The Great Hope of any work of art is that it will teach you a bit about what it means to be human, to exist among others like us that we love and cherish. This book accomplishes that in spades, and it left me profoundly moved in more than one instance. The best surprise of the year in my mind.
“This daughter of Mary Shelley delights and excites the border between story and science.”
“A novel about what we want and also what we can’t escape.”
“A haunting chord of a novel that will hang in the air long after you turn the final page.”
“Reads like a documentary retold as a dream retold as a mystery novel. What a wise, good-hearted debut!”
After nearly drowning, eight-year-old Maeve Wilhelm falls into a strange comatose state. As years pass, it becomes clear that Maeve is not physically aging. A wide cast of characters finds themselves pulled toward Maeve, each believing that her mysterious “sleep” holds the answers to their life’s most pressing questions: Kevin Marks, a museum owner obsessed with preservation; Monique Gray, a refugee and performance artist; Lionel Wilhelm, an entomologist who dreamed of being an astrophysicist; and Evangeline Wilhelm, Maeve’s identical twin. As Maeve remains asleep, the characters grapple with a mysterious new technology and medical advances that promise to ease anxiety and end pain, but instead cause devastating side effects.
Weaving together speculative elements and classic fables, and exploring urgent issues from the opioid epidemic to the hazards of biotech to the obsession with self-improvement and remaining forever young, Rebekah Bergman’s The Museum of Human History is a brilliant and fascinating novel about how time shapes us, asking what—if anything—we would be without it.
About the Author
Rebekah Bergman’s fiction has been published in Joyland, Tin House, The Masters Review anthology, and other journals. She lives in Rhode Island with her family.
With melancholy imagination, Bergman elegantly tackles nothing less than the entire arc of human history. . . . the novel blends fairy tale, philosophy, and shades of literary-futurist classics like Never Let Me Go.
— Kirkus Reviews, Starred Review
A startlingly assured debut. . . . Similar to Jennifer Egan’s A Visit from the Goon Squad. . . . a tightly constructed, wonderfully written, utterly original, and astoundingly good novel.
Bergman is a master at bringing multiple characters to life. — Wired
A Frankenstein-esque speculative novel for a youth-obsessed culture. — NYLON, A Best Book of August
Takes you on an adventure somewhere just out of the periphery of your imagination. — Shondaland
A haunting debut novel full of heartbreak and twisted science. — The Philadelphia Inquirer
Impressive. . . . reminiscent of another literary fantasy icon Kevin Brockmeier, as the prose and the subtle interconnections between its characters rise to the level of sublime. — Chicago Review of Books, A Must Read Book of August
Aches with grief & humanity & the beauty it’s possible to find in the world, even if your vision has become crowded with loss. Astounding. . . . assured & deeply felt. — Powell's, Powell's Pick Spotlight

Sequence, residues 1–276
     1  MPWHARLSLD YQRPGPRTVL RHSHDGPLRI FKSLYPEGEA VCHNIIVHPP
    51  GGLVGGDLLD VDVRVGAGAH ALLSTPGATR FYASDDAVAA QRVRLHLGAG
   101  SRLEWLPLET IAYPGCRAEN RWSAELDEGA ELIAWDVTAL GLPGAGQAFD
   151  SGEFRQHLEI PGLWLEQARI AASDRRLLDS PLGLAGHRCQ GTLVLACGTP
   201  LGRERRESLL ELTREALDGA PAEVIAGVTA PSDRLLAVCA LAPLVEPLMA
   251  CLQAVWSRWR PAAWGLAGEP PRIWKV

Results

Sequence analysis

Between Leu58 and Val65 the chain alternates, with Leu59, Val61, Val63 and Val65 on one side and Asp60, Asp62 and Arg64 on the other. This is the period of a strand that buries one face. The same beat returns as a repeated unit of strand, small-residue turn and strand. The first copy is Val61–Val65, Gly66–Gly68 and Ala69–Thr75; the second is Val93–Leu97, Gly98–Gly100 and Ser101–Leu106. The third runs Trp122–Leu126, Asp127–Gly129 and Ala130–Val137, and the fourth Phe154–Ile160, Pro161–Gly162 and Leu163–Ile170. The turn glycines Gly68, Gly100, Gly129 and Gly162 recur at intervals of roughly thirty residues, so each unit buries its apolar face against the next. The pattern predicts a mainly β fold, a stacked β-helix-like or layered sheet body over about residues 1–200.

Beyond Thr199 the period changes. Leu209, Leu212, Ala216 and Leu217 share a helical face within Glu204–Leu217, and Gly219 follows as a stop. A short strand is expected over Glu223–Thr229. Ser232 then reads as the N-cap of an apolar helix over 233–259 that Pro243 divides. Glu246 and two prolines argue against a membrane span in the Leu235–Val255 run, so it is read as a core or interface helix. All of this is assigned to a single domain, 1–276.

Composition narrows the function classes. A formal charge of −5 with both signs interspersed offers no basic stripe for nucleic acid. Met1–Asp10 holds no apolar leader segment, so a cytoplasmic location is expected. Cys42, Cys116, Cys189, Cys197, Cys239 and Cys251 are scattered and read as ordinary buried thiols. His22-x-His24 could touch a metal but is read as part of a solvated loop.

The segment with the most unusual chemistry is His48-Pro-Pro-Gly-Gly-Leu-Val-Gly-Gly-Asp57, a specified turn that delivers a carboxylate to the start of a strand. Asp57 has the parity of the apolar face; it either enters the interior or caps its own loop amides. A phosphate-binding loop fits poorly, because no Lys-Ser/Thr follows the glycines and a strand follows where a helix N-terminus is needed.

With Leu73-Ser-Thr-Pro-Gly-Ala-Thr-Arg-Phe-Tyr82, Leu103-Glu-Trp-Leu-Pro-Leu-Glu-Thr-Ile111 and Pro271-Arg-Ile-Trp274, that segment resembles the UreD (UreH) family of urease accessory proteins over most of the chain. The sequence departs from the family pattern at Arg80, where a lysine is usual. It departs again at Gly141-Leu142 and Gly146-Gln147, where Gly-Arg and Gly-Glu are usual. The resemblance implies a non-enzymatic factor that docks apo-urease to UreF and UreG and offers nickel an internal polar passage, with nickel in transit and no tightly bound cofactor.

Tells the story of a girl who falls into a dreamlike state for years, never aging as she does so, and explores the ways this affects the people around her and the larger world. — Tor.com
Original and compelling. — Necessary Fiction
A breathtaking and poignant story about pain, obsession, and the passage of time. . . . Bergman's lyrical prose and keen character insight infuse the novel with near-constant moments of emotional enlightenment. — Shelf Awarenss, Starred Review
Winsome. . . . a startling novel about memory, desire, and learning to age with grace. — Foreward Reviews
A startling novel about memory, desire, and learning to age with grace. . . . Offers readers what we as individuals can rarely see on our own, the interconnectedness that hums between every human being. — Denver Public Library
Rebekah Bergman’s exploration of our strange biologies reads like the irresistible beating hands of time. This daughter of Mary Shelley delights and excites the border between story and science as she doles out questions that both haunt and expose our obsessions. — Samantha Hunt, author of The Unwritten Book
In The Museum of Human History, Rebekah Bergman offers readers what we as individuals can rarely see on our own: the interconnectedness that hums between every human being, the high cost of painlessness and hard truths of our inevitable obsolesce. This is a novel about what we want and also what we can’t escape—a story as heartbreaking as it is seductive.
— Allegra Hyde, author of Eleutheria
Rebekah Bergman’s The Museum of Human History is one of the most agile novels I have read in a long time. It reads like a documentary retold as a dream retold as a mystery novel. What a wise, good-hearted debut!
— Kate Bernheimer, author of Fairy Tale Architecture
There are no static exhibits or neatly segmented timelines in Bergman’s The Museum of Human History. Here, lives bleed into each other, echoing on decades, centuries, millennia after they end (if they end). A haunting chord of a novel that will hang in the air long after you turn the final page.